Child Support & Spousal Support
The Child Support Guidelines govern child support in Ontario. Child support refers to a monthly amount of support payable by one parent to the other parent for the support of a child (to assist with items such as food, clothing, housing costs, transportation costs, etc.), as well as add-on expenses known as special or extraordinary expenses, which are either ongoing or one-time expenses that are in addition to the monthly Guideline amount.
The monthly Guideline amount is usually straightforward and commonly based on the payor’s income, the number of children and the corresponding value in the Child Support Guidelines. However, there are complicating factors that can significantly affect the amount of child support payable, which parents should obtain legal advice on including:
- Shared physical custody (i.e., both parents having the child for at least 40% of the time over the course of a year) or split physical custody (one parent having one or more children primarily, and the other parent having the other children);
- Undue hardship claims;
- Determining income: RRSP income, self-employed individuals, non-taxable income, etc.;
- Imputing income – when a parent is intentionally underemployed or unemployed (intentional simply means capable of earning more income than that parent is earning, not necessarily an intention to avoid child support);
- A child over the age of 18 years;
- A child withdrawing from parental control;
- A parent not providing proper financial disclosure;
- A parent earning $150,000.00 or more; and
- A non-biological parent who stands in the place of a parent.
At Chapman McAlpine Law, we can help you navigate through and resolve these complex child support issues in family law.
The lawyers at Chapman McAlpine Law can also help you in the area of special or extraordinary expenses (i.e., add-on expenses). These expenses refer to certain health-related expenses, child care expenses, medical dental insurance premiums, educational expenses, and extracurricular activities. There are tests and conditions to meet for each of these types of expenses to be eligible for contribution from the other parent and in what amount.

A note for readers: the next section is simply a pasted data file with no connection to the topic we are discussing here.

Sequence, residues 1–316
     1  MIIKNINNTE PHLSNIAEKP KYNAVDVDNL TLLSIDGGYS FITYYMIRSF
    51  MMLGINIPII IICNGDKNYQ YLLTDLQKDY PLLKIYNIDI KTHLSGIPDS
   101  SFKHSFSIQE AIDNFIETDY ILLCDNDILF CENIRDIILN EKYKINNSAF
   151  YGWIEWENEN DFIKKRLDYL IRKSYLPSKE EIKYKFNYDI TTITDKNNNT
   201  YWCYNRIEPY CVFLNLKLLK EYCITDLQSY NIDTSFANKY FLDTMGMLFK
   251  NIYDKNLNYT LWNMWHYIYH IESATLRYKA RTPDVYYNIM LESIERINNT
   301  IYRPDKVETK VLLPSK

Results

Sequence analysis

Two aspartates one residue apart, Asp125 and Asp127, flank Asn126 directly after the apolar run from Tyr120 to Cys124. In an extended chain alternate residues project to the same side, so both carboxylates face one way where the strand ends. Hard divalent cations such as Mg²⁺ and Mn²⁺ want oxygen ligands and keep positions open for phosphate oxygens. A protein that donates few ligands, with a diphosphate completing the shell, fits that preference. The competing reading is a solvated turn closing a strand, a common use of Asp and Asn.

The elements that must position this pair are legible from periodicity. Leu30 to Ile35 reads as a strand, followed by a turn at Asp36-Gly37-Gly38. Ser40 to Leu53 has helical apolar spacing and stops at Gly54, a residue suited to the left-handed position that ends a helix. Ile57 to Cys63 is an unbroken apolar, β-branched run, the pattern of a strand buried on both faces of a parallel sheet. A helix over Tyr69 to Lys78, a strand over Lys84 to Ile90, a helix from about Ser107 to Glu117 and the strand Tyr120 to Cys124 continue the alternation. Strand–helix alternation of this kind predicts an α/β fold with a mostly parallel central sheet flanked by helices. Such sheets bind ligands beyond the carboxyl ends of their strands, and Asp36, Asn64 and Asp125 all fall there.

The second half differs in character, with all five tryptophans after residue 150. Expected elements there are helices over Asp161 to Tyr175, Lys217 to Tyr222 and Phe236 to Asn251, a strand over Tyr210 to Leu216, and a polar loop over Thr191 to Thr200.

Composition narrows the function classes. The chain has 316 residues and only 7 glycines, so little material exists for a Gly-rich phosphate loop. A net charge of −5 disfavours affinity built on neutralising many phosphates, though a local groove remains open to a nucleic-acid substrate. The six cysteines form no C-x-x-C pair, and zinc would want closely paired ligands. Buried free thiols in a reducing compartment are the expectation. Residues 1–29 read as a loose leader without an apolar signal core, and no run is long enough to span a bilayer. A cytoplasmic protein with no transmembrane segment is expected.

If you have any questions or concerns relating to child support or special or extraordinary expenses, contact our lawyers today to book a no-obligation consultation.
Spousal Support Lawyers in Family Law, Separation and Divorce
Spousal Support may be referred to as “alimony”. It is a payment from one spouse to the other for that spouse’s own benefit. Spousal support can be made in periodic payments (monthly is the most common) or in a lump sum. Periodic payments ,so long as they are in a proper separation agreement or court order, are tax deductible for the payor and taxable income for the recipient.
There are four issues in spousal support that need to be determined: entitlement, quantum, commencement date and duration.
Spousal support entitlement is based on a number of factors such as:
- The length of cohabitation (i.e., how long have the parties lived together);
- The roles of each spouse during their marriage or common-law relationship;
- The financial means and needs of both parents;
- The post-separation roles of caring for the children;
- The financial hardship of one party over the other as a result of the relationship or its breakdown;
- Whether one party was financially disadvantaged by the relationship or its breakdown (e.g., gave up work opportunities for the sake of the family while the other party pursued a career, staying at home to raise the family rather than working, etc.); and
- Any order, agreements or arrangements already in place about spousal support.
Unlike, child support, the amount of spousal support one spouse may have to pay to the other is not straight forward and is complex, as is the duration of spousal support. There are Spousal Support Advisory Guidelines which can help produce a range of outcomes but these Guidelines have not been made into law. While Courts do take these Guidelines into account they are not bound by them. The commencement or start date for spousal support is also governed by complex legal principles especially if someone has delayed in pursuing their rights. Further, agreements regarding spousal support should take into account any reviews, future changes, unemployment, retirement, and other factors.
Spousal support is a complex area of family law. It is important to receive independent legal advice about spousal support as soon as possible after separation or even before separation. The lawyers at Chapman McAlpine Law will ensure that you understand your spousal support rights and obligations. If you have any questions or concerns regarding spousal support please contact our office today to book a no-obligation consultation with one of our lawyers.